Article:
(3)

where the meaning of each variable is as follows: S(t), z-scored mean firing rate during each 100 ms bin; β0–β n loff, regression coefficients; and F t−n , occurrence of task event at time t−n (1 if event occurred, 0 otherwise). The superscripted symbols mean the following: ts, trial onset; A–C, odor cues; rw, reward; non-rw, no-reward; lk, mid-bout licks; lon, lick onset; and loff, lick offset. Lick onset was defined as a lick that occurred >2 s since the previous lick, and lick offset as a lick when the interval until the next lick was >2 s. All other licks with shorter inter-lick intervals were defined as mid-bout licks.

### Statistical analysis

The statistical significance of the regression coefficients was determined with t-tests. Significant differences between fractions of dSPNs and iSPNs were determined with χ2-tests or Fisher’s exact tests. Significant differences in other measures between dSPNs and iSPNs were determined with t-tests or Wilcoxon’s rank-sum tests. Behavioral measurements associated with the three odor cues were compared with the one-way ANOVA followed by post-hoc Tukey's test. All statistical tests were two-tailed and p values <0.05 were considered significant unless otherwise noted. All data are expressed as means±SEM unless otherwise noted.

### Data availability

The data that support the findings of this study are available from the corresponding author upon reasonable request.

Publisher's note: Springer Nature remains neutral with regard to jurisdictional claims in published maps and institutional affiliations.

## References

1. 1.

Balleine, B. W., Delgado, M. R. & Hikosaka, O. The role of the dorsal striatum in reward and decision-making. J. Neurosci. 27, 8161–8165 (2007).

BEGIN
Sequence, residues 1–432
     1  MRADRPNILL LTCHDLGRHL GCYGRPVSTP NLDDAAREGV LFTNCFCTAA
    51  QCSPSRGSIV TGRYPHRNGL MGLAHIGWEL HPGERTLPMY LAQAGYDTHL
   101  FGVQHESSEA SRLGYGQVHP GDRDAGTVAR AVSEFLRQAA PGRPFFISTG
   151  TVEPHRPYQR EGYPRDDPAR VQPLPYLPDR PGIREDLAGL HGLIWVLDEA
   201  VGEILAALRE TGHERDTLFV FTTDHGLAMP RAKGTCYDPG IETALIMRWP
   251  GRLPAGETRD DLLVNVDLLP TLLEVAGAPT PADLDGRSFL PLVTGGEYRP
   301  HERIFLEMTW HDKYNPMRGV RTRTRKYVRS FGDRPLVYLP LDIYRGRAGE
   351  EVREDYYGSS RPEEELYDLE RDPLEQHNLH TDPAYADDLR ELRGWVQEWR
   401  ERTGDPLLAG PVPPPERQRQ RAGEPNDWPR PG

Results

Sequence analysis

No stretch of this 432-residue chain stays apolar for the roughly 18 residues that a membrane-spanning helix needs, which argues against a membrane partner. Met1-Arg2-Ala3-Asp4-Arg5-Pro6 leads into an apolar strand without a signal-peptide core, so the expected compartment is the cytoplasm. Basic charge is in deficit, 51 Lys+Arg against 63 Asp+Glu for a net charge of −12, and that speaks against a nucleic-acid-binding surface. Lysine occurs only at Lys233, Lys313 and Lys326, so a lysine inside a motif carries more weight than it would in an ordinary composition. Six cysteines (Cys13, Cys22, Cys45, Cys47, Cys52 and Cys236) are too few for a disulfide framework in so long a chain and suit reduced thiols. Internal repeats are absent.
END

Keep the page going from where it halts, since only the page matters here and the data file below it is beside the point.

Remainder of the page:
2. 2.

Ito, M. & Doya, K. Multiple representations and algorithms for reinforcement learning in the cortico-basal ganglia circuit. Curr. Opin. Neurobiol. 21, 368–373 (2011).

3. 3.

Kravitz, A. V. & Kreitzer, A. C. Striatal mechanisms underlying movement, reinforcement, and punishment. Physiology (Bethesda). 27, 167–177 (2012).

4. 4.

Hikosaka, O., Takikawa, Y. & Kawagoe, R. Role of the basal ganglia in the control of purposive saccadic eye movements. Physiol. Rev. 80, 953–978 (2000).

5. 5.

Albin, R. L., Young, A. B. & Penney, J. B. The functional anatomy of basal ganglia disorders. Trends Neurosci. 12, 366–375 (1989).

6. 6.

Redgrave, P. et al. Goal-directed and habitual control in the basal ganglia: implications for Parkinson’s disease. Nat. Rev. Neurosci. 11, 760–772 (2010).

7. 7.

Alexander, G. E. & Crutcher, M. D. Functional architecture of basal ganglia circuits: neural substrates of parallel processing. Trends Neurosci. 13, 266–271 (1990).

8. 8.

DeLong, M. R. Primate models of movement disorders of basal ganglia origin. Trends Neurosci. 13, 281–285 (1990).

9. 9.

Kravitz, A. V. et al. Regulation of parkinsonian motor behaviours by optogenetic control of basal ganglia circuitry. Nature 466, 622–626 (2010).

10. 10.

Bateup, H. S. et al. Distinct subclasses of medium spiny neurons differentially regulate striatal motor behaviors. Proc. Natl. Acad. Sci. USA 107, 14845–14850 (2010).

11. 11.

Durieux, P. F. et al. D2R striatopallidal neurons inhibit both locomotor and drug reward processes. Nat. Neurosci. 12, 393–395 (2009).

12. 12.

Cui, G. et al. Concurrent activation of striatal direct and indirect pathways during action initiation. Nature 494, 238–242 (2013).

13. 13.

Jin, X., Tecuapetla, F. & Costa, R. M. Basal ganglia subcircuits distinctively encode the parsing and concatenation of action sequences. Nat. Neurosci. 17, 423–430 (2014).

14. 14.

Isomura, Y. et al. Reward-modulated motor information in identified striatum neurons. J. Neurosci. 33, 10209–10220 (2013).

15. 15.

Barbera, G. et al. Spatially compact neural clusters in the dorsal striatum encode locomotion relevant information. Neuron 92, 202–213 (2016).

16. 16.

Nambu, A. Seven problems on the basal ganglia. Curr. Opin. Neurobiol. 18, 595–604 (2008).

17. 17.

Mink, J. W. The basal ganglia: focused selection and inhibition of competing motor programs. Prog. Neurobiol. 50, 381–425 (1996).

18. 18.

Tecuapetla, F., Matias, S., Dugue, G. P., Mainen, Z. F. & Costa, R. M. Balanced activity in basal ganglia projection pathways is critical for contraversive movements. Nat. Commun. 5, 4315 (2014).

19. 19.

Tecuapetla, F., Jin, X., Lima, S. Q. & Costa, R. M. Complementary contributions of striatal projection pathways to action initiation and execution. Cell 166, 703–715 (2016).

20. 20.

Bromberg-Martin, E. S., Matsumoto, M. & Hikosaka, O. Dopamine in motivational control: rewarding, aversive, and alerting. Neuron 68, 815–834 (2010).

21. 21.

Frank, M. J., Seeberger, L. C. & O’Reilly, R. C. By carrot or by stick: cognitive reinforcement learning in parkinsonism. Science 306, 1940–1943 (2004).

22. 22.